- The Holland claim form has a space for a claim number. What should I put there? Your claim number, unless you do not have a system for numbering your claims for your own purposes. In that case, please leave the space blank.
- How can I find out whether Holland has received my claim and obtain the Holland claim number? Dial 1-616-395-5000 and follow the menu directions to determine your Holland claim number and status. You can also check your claim status online.
Tariff Locations and Liability Issues
For detailed information on any of the topics listed in this summary guide, always refer to the Holland Rules and Conditions (Tariff 100). Below is a quick reference to Rules and Conditions (Tariff 100), which will help you find the detailed information you need.
|Topic: Service, Coverage, etc.||Tariff||Item|
|Products and Classes||NMFC 100 Series|
|Excess and Maximum Liability Coverage (except from Canada)||100||780|
|Excess and Maximum Liability Coverage (Mexico)||100||780|
|Prohibited or Restricted Articles (except from Canada)||100||780|
|Excess and Maximum Liability Coverage (only from Canada)||100||781|
|Prohibited or Restricted Articles (only from Canada)||100||781|
|Maximum Loss and Damage Liability||299||575|
|Excess and Maximum Liability Coverage (Mexico)||299||780|
|Excess and Maximum Liability Coverage (except Mexico)||299||781|
|Sealed Trailer—Maximum Loss and Damage Liability||299||555|
|Holland Time CriticalTM||277||580|
|Holland Time CriticalTM Air||277||552|
|Reroute (Release at Origin)||100||827|
|Released-Value Goods||301 (section 3)|
|Sealed Trailer (except for Mexico)||100||555|
|Sealed Trailer (only for Mexico)||100||556|
Table Summary of Released-Value Products
Important Notice: For the released-value products stated below, the shipper is required to declare a value for the goods on the bill of lading within the limits stated in the table below. Unless provided otherwise in individual tariff items, if the released value is not declared on the bill of lading, the lowest released value as stated below applies. If pricing is based on an FAK or single lines of rates, the lowest released value will automatically apply regardless of any notation on the bill of lading. Released-value ranges are subject to change. Refer to Holland Rules and Conditions (Tariff 100) for up-to-date information.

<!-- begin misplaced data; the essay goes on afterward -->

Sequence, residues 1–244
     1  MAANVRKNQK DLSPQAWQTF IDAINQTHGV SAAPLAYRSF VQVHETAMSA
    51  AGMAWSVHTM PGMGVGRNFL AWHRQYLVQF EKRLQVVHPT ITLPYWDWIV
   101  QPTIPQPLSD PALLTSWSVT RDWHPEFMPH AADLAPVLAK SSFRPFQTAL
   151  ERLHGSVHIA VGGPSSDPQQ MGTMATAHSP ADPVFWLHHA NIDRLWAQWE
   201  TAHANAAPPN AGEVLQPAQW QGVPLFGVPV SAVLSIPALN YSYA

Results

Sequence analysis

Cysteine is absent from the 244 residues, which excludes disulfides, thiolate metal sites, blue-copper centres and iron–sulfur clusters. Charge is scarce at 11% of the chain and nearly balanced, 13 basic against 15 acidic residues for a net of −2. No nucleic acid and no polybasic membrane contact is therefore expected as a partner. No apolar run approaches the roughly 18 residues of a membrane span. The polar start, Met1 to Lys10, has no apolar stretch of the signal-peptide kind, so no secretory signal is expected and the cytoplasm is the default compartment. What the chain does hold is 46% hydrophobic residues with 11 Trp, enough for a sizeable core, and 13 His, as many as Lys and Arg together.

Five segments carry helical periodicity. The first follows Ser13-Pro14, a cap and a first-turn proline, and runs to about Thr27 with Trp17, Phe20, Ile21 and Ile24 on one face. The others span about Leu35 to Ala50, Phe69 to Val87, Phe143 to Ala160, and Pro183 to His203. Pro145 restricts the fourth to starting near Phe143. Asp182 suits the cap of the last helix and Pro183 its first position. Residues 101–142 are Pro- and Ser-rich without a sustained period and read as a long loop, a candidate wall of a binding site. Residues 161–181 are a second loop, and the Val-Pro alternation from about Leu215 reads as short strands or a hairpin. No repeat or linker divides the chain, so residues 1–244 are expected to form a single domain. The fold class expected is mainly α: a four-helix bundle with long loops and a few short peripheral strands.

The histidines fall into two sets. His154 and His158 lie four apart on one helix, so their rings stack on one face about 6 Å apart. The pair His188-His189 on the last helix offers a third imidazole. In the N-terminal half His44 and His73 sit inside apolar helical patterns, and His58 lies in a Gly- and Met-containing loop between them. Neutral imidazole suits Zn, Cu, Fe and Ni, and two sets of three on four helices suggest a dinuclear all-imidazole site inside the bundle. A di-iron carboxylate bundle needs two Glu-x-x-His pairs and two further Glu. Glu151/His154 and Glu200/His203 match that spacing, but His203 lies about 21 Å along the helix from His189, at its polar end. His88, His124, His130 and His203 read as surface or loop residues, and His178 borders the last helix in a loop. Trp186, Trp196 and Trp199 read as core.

Shipments subject to a released value are not eligible for excess liability.
Value Not Exceeding
|Acids (certain ones)||$2.80 a lb||No Value Stated|
|Animal Feed Supplements||$.50 a lb||No Value Stated|
|Animal Hides||$1.50 a lb||$7.50 a lb|
|Cellular Phones||$3.00 a lb||$10.00 a lb (or No Value Stated)|
|Chemicals (certain ones)*||$2.80 a lb||No Value Stated|
|Chinaware/Stoneware||$90.00 per 100 lb||No Value Stated|
|Clothing: Used (fur or fur-lined)||$1.50 a lb||$7.50 a lb|
|Computer Systems or Components||$5.00 a lb||$25.00 a lb|
|Drugs (certain ones)*||$2.80 a lb||No Value Stated|
|Earthenware, Pottery and Porcelainware||$90.00 per 100 lb||No Value Stated|
|Electronic Tubes(Not specifically named in the NMFC)||$1.50 a lb||$3.00 a lb orNo Value Stated|
|Engines: New (internal combustion)||$5.00 a lb||$9.99 a lb|
|FAX Machines||$5.00 a lb||$25.00 a lb|
|Flatware (sterling silver)||$1.00 a lb||$5.00 a lb|
|Glassware||$.90 a lb||$19.00 a lb|
Ceramic Ware or Laminated Glassware
|$.90 a lb||$12.65 a lb|
|Household Goods/asonal Effects||$.10 a lb||$5.00 a lb|
|Jewelry (costume)||$1.00 a lb||$5.00 a lb|
|Leather Scrap||$.03 1/2 a lb||No Value Stated|
|Leatherboard Scrap||$.03 1/2 a lb||Exceeding $.03 1/2 a lb|
|Lighters (cigarette, etc.)||$.50 each||No Value Stated|
|Metals or Metal Alloys||$.40 a lb||$5.00 a lb|
|Office Records (old)||$.03 1/2 a lb||No Value Stated|
|Oils (Essential, natural or artificial)||$.50 a lb||$7.50 a lb|
|Ore||$.05 a lb||$1.00 a lb orNo Value Stated|
|Painting or Pictures||$.50 a lb||$5.00 a lb|
|Printed Matter (having exchange value, i.e., as sales coupons)||$.50 a lb||$1.00 a lb|
|Radio, Radio-Telephone, or TV Transmitting, or Transmitting and Receiving Sets or Other Radio Impulse or Wireless Audio Impulse Transmitting or Transmitting and Receiving Sets Separate or Combined||$3.00 a lb||$10.00 a lb|
|Radioactive Materials||$.40 a lb||$5.00 a lb|
|Rugs||$125.00 per 100 lb||Exceeding $300.00 per 100 lb|
|Semi-Conductors||$3.00 a lb||$20.00 a lb|
|Semi-Conductor Parts||$1.50 a lb||$1.50 a lb|
|Silk||$1.00 a lb||No Value Stated|
|Toilet Preparations*||$2.80 a lb||No Value Stated|
|Tubes, Cathode Ray (other than TV)||$3.00 a lb||No Value Stated|
|Watches or Watch Movements||$2.00 each||$10.00 each|
|* Refer to Rules and Conditions (Tariff 100), Item 849 for current released value.|